Prior to the May 4, 2012, controlled buy, Gillespie again met with task force members at the task force office, where he was searched and wired with a recorder. This time, Brunz provided Gillespie with $115, which he was to use to purchase 1 gram of methamphetamine and another five Vicodin pills. Jackson again drove Gillespie to Johnson's residence while Brunz parked in the same spot she had parked previously for surveillance. From her position, Brunz observed Gillespie walk toward Johnson's trailer until he disappeared from her view. A few minutes later, she observed Gillespie reappear from the west side of Johnson's residence and reenter Jackson's vehicle. Following this incident, Brunz met Jackson and Gillespie behind a furniture store, where Jackson provided Brunz a small bag containing a white crystal substance that looked like methamphetamine and five pills that appeared to be Vicodin. As with the previous buy, Brunz packaged one of the pills and the suspected methamphetamine, which she sent to the laboratory for analysis, and retained the other four pills in her secure evidence closet. The district court received a photograph of the four pills retained by Brunz and copies of the audio and video recordings from the second controlled buy into evidence.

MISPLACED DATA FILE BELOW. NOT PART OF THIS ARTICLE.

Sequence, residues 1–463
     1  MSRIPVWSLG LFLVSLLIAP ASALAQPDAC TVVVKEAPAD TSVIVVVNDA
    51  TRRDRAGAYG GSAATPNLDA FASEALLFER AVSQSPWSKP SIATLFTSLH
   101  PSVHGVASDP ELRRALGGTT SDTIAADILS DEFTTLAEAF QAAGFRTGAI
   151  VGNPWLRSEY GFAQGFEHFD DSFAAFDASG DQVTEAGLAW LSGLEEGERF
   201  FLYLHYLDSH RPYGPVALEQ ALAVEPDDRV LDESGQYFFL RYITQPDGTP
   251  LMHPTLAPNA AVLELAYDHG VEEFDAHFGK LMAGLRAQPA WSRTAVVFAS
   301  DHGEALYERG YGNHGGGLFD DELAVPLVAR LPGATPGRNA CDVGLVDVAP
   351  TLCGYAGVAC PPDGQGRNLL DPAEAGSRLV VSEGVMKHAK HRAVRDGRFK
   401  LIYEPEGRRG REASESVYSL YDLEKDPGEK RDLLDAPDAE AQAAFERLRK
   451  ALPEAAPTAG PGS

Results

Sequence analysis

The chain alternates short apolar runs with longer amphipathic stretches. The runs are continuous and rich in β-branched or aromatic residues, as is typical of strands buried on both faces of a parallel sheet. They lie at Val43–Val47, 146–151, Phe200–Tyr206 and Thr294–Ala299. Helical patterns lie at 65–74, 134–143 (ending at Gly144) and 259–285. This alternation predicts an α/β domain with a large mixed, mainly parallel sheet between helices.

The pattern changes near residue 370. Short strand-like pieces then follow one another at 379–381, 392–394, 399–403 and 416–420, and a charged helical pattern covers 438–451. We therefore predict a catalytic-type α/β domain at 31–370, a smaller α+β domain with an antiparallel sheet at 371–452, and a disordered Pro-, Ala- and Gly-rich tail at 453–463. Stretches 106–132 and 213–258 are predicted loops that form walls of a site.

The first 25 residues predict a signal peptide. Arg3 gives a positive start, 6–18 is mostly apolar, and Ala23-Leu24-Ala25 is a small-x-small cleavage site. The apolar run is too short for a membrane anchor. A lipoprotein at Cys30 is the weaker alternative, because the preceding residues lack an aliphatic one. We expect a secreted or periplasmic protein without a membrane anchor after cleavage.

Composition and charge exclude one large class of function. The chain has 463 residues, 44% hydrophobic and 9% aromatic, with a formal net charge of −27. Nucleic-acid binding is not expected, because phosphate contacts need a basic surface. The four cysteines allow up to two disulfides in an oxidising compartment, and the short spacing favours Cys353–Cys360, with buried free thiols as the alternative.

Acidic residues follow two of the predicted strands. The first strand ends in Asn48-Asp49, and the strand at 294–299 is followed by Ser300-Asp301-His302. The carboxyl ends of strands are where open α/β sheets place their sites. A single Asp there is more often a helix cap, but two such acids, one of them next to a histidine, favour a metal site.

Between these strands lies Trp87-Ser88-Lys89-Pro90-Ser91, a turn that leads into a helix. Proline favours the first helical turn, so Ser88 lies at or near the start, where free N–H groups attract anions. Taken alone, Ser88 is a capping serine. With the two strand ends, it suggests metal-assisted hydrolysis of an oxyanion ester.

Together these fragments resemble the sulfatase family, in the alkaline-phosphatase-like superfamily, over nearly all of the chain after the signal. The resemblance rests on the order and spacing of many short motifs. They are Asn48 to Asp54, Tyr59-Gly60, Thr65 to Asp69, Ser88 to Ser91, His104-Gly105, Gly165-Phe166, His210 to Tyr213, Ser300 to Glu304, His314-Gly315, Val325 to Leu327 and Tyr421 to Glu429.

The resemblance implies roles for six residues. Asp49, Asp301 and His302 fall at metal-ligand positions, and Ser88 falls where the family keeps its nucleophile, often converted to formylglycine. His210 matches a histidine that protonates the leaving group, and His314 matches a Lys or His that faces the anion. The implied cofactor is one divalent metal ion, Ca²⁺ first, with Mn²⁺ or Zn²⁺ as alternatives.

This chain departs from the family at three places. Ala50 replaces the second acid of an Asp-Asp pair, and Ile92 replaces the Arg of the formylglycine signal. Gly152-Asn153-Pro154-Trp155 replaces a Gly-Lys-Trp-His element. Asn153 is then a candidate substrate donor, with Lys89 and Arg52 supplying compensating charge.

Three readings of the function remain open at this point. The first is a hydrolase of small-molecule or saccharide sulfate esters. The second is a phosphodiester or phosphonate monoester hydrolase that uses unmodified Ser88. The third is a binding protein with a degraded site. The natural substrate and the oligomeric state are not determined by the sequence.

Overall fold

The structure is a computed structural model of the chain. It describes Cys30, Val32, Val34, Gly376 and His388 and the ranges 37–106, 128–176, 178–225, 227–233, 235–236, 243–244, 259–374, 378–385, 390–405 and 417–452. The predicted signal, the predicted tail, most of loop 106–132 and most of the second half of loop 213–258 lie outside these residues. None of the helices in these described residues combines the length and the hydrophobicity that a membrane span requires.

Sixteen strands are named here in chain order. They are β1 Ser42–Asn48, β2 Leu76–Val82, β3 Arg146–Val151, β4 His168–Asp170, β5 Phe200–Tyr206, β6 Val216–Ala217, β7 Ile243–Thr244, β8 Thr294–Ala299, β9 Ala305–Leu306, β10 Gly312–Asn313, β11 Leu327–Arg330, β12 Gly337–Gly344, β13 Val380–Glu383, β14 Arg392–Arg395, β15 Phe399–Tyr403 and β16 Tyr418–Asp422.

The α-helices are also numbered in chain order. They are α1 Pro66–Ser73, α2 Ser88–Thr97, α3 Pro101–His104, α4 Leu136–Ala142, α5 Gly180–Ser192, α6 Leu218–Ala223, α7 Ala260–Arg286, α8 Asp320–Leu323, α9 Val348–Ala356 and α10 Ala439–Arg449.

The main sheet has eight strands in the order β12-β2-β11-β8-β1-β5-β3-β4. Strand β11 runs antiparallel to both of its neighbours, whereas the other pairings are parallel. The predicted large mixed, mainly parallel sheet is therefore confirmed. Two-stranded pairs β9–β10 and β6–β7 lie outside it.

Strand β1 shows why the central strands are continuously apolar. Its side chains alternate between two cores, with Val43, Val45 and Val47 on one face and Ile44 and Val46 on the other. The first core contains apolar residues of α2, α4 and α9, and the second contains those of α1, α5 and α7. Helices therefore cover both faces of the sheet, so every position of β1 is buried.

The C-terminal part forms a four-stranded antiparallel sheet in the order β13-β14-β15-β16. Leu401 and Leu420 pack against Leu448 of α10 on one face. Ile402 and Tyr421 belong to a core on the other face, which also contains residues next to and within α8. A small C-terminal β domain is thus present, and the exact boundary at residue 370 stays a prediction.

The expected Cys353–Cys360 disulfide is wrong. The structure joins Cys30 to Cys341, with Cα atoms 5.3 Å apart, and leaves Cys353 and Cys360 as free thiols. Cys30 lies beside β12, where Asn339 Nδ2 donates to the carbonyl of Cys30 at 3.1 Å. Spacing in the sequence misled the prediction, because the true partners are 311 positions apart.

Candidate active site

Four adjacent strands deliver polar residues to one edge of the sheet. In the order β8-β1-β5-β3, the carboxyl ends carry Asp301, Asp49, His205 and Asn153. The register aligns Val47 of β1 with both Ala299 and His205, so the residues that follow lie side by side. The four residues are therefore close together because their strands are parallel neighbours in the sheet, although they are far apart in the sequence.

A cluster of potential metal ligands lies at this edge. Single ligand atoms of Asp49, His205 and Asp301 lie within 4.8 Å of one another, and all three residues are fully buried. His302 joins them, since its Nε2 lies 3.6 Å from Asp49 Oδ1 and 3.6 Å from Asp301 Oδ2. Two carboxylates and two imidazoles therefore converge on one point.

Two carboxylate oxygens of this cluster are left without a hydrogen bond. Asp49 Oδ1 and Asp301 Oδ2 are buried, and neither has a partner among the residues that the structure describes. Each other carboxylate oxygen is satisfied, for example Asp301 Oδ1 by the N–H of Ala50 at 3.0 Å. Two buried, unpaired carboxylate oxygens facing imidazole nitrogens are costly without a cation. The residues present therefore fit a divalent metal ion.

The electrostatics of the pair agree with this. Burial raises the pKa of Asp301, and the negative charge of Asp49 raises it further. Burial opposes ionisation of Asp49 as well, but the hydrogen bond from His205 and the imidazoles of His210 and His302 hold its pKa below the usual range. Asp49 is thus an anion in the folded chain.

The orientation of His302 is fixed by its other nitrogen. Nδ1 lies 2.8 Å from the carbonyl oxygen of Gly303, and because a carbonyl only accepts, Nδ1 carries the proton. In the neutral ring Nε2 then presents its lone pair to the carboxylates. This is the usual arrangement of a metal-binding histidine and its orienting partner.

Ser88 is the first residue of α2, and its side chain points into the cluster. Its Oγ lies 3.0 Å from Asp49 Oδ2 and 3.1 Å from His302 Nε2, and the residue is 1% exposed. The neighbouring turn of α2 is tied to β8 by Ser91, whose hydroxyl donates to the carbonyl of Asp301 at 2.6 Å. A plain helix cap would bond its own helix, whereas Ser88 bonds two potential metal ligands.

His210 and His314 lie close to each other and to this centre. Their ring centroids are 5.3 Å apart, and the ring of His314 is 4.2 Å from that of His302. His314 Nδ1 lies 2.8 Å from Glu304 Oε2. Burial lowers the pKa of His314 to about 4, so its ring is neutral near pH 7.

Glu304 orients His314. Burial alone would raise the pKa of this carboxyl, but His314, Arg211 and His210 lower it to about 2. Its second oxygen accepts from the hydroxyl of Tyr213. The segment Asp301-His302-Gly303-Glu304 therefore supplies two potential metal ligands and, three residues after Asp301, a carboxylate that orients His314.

The preparations for the third controlled buy on May 15, 2012, were executed in the same manner as those for the previous buys, except on that occasion, Gillespie was given $300 to purchase an “8–ball” or 31/2 grams of methamphetamine. Brunz' observations of this transaction were similar to her observations of the second controlled buy. Following the third buy, she again met Jackson and Brunz behind a furniture store, where Jackson gave her a bag of suspected methamphetamine. The district court received a photograph of the substance retrieved from Gillespie on May l5, as well as the audio recording of that transaction into evidence.
Following Johnson's arrest, Brunz accessed a system that allowed her to listen to recordings of telephone calls Johnson placed from jail. She listened to the first four or five calls made by Johnson from the date of his arrest. Brunz testified, “I could clearly tell that the voice speaking through those jail phone calls was the same voice I heard back in April and May of the year before on the audio recordings.” At trial, Brunz identified Johnson's voice on the audio recordings from all three controlled buys. Brunz also testified that when Gillespie called to arrange the April 30, 2012, buy, Gillespie placed his telephone on speaker and Brunz recognized the voice she heard on the speaker as being the same voice she heard on the jail call recordings. Brunz testified that reference during one of the transactions to an “O” is common terminology for an ounce of methamphetamine.